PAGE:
20 Oct 2012, 7:44 PM
Another tragic case about the bTB breakdowns at a farm in North Devon. The farmers involved want to be able to vaccinate their cattle against bTB. It was reported in This is Devon (www.thisisdevon.co.uk/Badger-cull-pilots-waste-time-money-effort/story-17134043-detail/story.html).
Despite losing more than half their valuable organic herd of beef cattle, a Devon farming partnership is against the badger cull.
Robert James and Kate Palmer think the pilot culls in West Somerset and around Tewkesbury are a waste of time, money and effort.
"If you cull badgers in one place, within months other badgers will come back in. Then what will happen? It will not stop TB," said Robert James, who farms more than 100 acres of organic land at Witheridge, in North Devon.
He and his partner, Kate Palmer, have seen their valuable herd of Ruby Red Devon cattle decimated by bovine TB – and they are well aware of the part badgers can play in spreading disease, which caused the deaths of 26,000 cattle nationally last year.
The partnership at West Yeo Farm had 30 cows, plus their calves earlier this year, but the herd is now reduced to just 20, after cattle failed TB tests.
Highly distressing was the fact that several were found not to have TB at post mortem – but most tragic of all was the loss of the award-winning stock bull.
Mr James explained: "We have lost half our herd of pedigree Devon cattle to TB this year. Our bloodlines go back 70 years and cannot be replaced."
Eighty-five per cent of Ruby Red bloodlines were now crossed with Saler cattle and he has been unable to replace the lost animals with purebred Devons, he said.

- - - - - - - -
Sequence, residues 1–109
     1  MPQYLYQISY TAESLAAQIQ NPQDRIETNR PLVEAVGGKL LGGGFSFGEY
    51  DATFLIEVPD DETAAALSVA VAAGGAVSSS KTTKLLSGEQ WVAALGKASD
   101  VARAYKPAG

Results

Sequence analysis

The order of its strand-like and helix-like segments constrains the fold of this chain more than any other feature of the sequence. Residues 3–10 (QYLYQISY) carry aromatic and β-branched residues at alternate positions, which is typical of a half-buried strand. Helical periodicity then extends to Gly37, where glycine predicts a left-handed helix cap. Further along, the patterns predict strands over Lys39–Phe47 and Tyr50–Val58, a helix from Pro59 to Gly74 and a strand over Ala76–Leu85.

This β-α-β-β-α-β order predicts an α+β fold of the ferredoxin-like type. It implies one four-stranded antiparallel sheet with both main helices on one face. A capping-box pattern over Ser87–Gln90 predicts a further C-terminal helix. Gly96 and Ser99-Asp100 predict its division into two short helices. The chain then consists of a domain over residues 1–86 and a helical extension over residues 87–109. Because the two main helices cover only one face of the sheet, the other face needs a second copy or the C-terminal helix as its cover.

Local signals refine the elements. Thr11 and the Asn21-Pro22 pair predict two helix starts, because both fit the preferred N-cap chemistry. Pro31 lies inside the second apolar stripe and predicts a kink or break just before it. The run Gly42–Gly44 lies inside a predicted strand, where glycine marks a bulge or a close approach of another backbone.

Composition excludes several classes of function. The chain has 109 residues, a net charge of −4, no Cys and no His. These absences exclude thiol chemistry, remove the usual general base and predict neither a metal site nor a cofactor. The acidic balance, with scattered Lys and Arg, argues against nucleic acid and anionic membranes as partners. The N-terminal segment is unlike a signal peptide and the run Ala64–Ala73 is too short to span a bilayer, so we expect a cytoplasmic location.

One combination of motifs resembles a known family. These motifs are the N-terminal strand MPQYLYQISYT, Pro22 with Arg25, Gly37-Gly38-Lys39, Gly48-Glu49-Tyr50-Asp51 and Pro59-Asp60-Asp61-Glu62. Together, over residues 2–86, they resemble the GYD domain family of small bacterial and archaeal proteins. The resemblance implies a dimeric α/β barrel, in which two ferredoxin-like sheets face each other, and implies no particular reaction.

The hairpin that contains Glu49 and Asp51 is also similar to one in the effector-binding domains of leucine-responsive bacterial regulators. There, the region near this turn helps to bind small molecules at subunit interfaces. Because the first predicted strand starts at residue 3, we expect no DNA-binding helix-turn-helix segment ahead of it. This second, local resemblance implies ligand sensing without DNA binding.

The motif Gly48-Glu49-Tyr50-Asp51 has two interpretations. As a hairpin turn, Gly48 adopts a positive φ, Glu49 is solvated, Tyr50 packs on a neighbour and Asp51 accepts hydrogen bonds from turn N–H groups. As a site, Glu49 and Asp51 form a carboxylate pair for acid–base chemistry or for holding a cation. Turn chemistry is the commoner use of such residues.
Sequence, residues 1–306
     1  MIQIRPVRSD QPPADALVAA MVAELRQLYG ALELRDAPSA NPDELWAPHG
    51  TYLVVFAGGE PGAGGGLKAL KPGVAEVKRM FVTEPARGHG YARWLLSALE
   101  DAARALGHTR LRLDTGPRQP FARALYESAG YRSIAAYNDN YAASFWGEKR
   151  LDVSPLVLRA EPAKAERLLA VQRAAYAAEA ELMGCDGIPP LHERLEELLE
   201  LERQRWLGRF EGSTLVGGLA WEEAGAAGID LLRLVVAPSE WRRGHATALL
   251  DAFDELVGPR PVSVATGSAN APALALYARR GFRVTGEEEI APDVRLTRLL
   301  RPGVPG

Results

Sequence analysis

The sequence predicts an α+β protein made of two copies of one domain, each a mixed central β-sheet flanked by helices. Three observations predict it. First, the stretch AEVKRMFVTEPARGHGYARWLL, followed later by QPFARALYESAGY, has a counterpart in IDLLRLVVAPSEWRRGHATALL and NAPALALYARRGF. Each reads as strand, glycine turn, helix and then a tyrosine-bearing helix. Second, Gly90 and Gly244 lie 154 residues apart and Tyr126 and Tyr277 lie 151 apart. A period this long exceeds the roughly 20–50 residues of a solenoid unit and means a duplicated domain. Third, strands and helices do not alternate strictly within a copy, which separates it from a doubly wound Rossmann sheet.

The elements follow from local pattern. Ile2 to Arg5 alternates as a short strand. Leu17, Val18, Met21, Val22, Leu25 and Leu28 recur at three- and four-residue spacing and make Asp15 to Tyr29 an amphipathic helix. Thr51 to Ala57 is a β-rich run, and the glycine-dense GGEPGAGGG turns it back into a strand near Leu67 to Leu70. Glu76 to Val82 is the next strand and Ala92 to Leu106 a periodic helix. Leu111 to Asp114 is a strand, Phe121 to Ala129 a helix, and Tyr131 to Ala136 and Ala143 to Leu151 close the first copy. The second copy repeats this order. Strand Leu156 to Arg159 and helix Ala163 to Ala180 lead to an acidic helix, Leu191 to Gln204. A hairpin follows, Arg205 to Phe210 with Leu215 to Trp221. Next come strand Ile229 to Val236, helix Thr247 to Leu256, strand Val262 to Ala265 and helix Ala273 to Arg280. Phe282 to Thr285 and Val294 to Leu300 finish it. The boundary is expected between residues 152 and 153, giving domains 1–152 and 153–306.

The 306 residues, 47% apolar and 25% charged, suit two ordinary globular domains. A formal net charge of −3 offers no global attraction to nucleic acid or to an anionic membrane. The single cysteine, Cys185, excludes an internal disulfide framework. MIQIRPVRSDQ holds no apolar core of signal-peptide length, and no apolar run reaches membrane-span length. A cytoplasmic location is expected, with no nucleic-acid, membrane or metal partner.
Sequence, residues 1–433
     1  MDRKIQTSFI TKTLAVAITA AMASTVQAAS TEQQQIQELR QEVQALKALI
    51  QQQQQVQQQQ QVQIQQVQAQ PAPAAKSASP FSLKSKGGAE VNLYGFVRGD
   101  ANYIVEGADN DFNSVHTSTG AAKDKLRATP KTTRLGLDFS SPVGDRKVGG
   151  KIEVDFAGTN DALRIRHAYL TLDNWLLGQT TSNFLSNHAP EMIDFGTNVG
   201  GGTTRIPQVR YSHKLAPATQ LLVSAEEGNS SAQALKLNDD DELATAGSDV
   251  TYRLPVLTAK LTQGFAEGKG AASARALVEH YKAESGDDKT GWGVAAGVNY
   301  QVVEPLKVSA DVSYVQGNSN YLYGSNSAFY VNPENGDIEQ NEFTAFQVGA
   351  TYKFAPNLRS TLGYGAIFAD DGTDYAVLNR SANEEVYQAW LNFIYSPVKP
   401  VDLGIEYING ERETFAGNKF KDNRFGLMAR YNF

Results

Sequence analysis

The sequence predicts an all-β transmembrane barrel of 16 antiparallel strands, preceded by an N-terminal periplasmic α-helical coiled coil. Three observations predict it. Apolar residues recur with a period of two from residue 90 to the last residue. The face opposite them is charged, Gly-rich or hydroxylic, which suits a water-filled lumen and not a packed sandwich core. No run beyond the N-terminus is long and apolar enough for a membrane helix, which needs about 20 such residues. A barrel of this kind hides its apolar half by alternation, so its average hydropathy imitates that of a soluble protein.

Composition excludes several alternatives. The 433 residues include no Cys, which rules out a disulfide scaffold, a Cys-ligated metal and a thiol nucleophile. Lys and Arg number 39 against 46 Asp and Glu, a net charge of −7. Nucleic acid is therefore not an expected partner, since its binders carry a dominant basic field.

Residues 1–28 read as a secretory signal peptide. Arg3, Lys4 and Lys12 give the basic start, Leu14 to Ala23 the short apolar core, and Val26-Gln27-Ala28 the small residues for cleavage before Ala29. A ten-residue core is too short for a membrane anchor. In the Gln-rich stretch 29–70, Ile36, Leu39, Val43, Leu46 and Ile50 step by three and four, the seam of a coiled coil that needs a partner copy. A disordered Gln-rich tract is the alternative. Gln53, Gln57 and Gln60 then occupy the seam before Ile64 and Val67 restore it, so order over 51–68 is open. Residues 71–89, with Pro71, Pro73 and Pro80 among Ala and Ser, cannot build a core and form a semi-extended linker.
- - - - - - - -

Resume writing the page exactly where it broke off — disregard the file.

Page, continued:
Now the partners are petitioning the Government to get on with the development of an effective TB vaccine for cattle without delay – and pay realistic compensation for the loss of organic cattle, instead of a flat rate.
Mr James added: "We have lost over £15,000, as the Government does not pay organic market prices in compensation. We had four cows killed that did not have TB."
But the loss of the stock bull was worse. Mr James explained: "At £14,000 he was the highest-priced Devon bull at auction in the UK. I cried when I had to load him. Kate could not be there because she was so upset. We were so proud when we bought him in spring 2008 at the Ruby Red Devon Society sale at Sedgemoor Market and he was champion on the day, bred by the Dart family at Molland on Exmoor. We have sold semen from him all over the world. Now he is just 660 kilos of dead meat hanging on a hook."
But still he opposes the cull. "I feel very passionately about this. I have a friend who farms on Exmoor whose herd has gone down with TB, without a badger on the farm and with no new stock bought in. The answer was TB in the wild red deer population."
He added: "The Government has to get on with a vaccine that works."